Two federal suits were filed against the unit’s activities in October. One of the suits, filed in New Jersey, was tossed out in late February. The second suit in New York City is ongoing.

Mayor Bill de Blasio praised the unit’s dissolution in a statement late Tuesday.

“This reform is a critical step forward in easing tensions between the police and the communities they serve, so that our cops and our citizens can help one another go after the real bad guys,” he said.

Bill Bratton, De Blasio’s police commissioner, also received praise from City Council Speaker Melissa Mark-Viverito, who said Bratton took a stand for civil liberties with his decision.

“This reform is a critical step forward in easing tensions between the police and the communities they serve, so that our cops and our citizens can help one another go after the real bad guys,” she said in a statement.

Instated by under former Police Commissioner Ray Kelly, former Mayor Michael Bloomberg defended the program throughout his time in office. His administration attempted to assuage the Muslim community’s concerns with more outward displays of collaboration, creating the department’s Muslim Advisory Council.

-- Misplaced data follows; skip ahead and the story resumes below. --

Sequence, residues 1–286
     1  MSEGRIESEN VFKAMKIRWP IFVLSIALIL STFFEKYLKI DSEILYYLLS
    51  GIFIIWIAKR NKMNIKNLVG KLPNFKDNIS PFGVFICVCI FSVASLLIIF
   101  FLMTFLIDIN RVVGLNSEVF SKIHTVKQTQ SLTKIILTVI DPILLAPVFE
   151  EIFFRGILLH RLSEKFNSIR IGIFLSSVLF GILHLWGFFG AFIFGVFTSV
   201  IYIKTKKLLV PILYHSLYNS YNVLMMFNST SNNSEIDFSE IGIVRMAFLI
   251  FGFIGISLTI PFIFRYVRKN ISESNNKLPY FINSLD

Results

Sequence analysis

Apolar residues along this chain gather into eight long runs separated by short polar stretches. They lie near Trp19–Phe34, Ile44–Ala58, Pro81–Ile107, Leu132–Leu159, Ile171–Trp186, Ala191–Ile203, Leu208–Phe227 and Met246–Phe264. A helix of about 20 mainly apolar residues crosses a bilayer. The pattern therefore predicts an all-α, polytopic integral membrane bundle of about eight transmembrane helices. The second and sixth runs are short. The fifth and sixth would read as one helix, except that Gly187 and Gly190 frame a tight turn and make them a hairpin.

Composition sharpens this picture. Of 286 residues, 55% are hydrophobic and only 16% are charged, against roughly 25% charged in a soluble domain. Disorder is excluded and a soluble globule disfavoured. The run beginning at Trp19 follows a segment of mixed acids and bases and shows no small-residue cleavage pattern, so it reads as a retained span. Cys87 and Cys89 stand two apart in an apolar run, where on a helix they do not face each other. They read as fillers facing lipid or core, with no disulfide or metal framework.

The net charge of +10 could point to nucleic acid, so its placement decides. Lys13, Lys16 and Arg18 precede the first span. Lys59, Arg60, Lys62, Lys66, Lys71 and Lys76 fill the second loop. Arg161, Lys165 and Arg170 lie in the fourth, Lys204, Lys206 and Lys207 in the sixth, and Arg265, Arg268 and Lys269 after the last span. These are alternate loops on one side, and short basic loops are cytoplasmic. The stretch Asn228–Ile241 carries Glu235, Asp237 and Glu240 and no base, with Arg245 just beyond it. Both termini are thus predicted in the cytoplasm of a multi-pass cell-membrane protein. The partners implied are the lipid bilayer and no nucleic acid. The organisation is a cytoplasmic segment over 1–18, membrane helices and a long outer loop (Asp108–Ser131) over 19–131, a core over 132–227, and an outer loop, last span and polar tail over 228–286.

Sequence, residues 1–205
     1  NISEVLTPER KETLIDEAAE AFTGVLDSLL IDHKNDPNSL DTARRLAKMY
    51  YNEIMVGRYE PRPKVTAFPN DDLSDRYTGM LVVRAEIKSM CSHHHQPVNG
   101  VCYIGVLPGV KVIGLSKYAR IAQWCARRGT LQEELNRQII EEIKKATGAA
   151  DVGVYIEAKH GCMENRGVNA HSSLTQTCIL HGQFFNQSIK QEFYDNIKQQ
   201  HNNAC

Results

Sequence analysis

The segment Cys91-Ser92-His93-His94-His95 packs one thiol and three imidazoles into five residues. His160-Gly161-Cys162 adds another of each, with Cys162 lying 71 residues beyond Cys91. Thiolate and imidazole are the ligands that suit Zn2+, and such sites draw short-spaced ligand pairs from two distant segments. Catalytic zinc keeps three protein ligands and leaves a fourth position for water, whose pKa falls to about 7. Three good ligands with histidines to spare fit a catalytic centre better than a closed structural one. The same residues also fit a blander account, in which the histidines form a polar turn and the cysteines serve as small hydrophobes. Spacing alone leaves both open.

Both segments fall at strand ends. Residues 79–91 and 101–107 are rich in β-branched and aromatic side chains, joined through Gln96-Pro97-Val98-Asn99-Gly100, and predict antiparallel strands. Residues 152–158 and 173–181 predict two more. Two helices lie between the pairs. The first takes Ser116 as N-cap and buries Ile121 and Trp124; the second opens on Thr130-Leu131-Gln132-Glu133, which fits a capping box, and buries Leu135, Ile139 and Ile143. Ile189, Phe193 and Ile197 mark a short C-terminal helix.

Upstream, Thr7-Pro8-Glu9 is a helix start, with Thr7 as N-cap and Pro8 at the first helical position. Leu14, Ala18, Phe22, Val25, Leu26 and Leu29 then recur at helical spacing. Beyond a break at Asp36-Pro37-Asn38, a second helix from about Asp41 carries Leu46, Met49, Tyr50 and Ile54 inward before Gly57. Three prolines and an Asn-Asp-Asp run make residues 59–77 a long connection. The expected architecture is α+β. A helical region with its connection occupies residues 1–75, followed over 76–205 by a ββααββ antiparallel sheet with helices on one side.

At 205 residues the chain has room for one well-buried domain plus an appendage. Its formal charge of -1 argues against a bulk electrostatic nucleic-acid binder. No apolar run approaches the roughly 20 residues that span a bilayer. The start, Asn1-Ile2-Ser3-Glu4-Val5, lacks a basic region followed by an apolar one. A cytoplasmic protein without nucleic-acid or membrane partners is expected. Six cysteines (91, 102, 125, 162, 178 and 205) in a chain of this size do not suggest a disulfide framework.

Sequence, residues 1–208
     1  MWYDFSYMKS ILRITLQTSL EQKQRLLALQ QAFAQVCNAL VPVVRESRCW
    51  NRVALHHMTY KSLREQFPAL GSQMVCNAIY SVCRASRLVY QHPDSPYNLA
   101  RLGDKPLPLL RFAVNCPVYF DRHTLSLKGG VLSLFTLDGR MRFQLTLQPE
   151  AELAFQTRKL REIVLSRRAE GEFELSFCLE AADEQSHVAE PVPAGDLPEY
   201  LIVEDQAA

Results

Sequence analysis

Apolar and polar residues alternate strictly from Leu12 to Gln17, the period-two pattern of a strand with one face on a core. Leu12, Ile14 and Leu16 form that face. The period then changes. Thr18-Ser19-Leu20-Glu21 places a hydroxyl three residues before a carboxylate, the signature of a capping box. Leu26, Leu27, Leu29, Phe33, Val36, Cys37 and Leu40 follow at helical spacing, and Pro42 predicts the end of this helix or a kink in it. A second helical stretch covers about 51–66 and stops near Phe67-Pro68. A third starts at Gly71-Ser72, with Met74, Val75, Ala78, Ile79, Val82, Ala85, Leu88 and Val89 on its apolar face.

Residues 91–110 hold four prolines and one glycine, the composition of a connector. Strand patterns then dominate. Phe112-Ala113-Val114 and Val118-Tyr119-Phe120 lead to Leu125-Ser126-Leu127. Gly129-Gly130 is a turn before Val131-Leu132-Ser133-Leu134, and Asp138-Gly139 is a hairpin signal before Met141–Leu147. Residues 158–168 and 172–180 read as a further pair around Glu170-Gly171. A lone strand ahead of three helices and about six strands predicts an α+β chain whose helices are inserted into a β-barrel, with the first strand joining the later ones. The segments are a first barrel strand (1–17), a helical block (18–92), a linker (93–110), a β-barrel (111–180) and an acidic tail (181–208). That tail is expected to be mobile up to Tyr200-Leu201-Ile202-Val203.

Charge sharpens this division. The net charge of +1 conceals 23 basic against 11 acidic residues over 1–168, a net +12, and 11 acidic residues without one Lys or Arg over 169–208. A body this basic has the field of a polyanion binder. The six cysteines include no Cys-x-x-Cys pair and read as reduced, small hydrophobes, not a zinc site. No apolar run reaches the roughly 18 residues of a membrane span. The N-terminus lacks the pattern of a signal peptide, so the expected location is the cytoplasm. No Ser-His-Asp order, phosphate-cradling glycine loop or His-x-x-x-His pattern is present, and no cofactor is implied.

A number of that council’s members, however, left in protest in August of after it was revealed that police designated mosques and Islamic organizations as terrorist organizations to justify continued surveillance.

The Times reported that Bratton met with various members and leaders of the Muslim community last week at One Police Plaza to discuss the police department’s decision and to reinforce the administration’s commitment to the policy shift.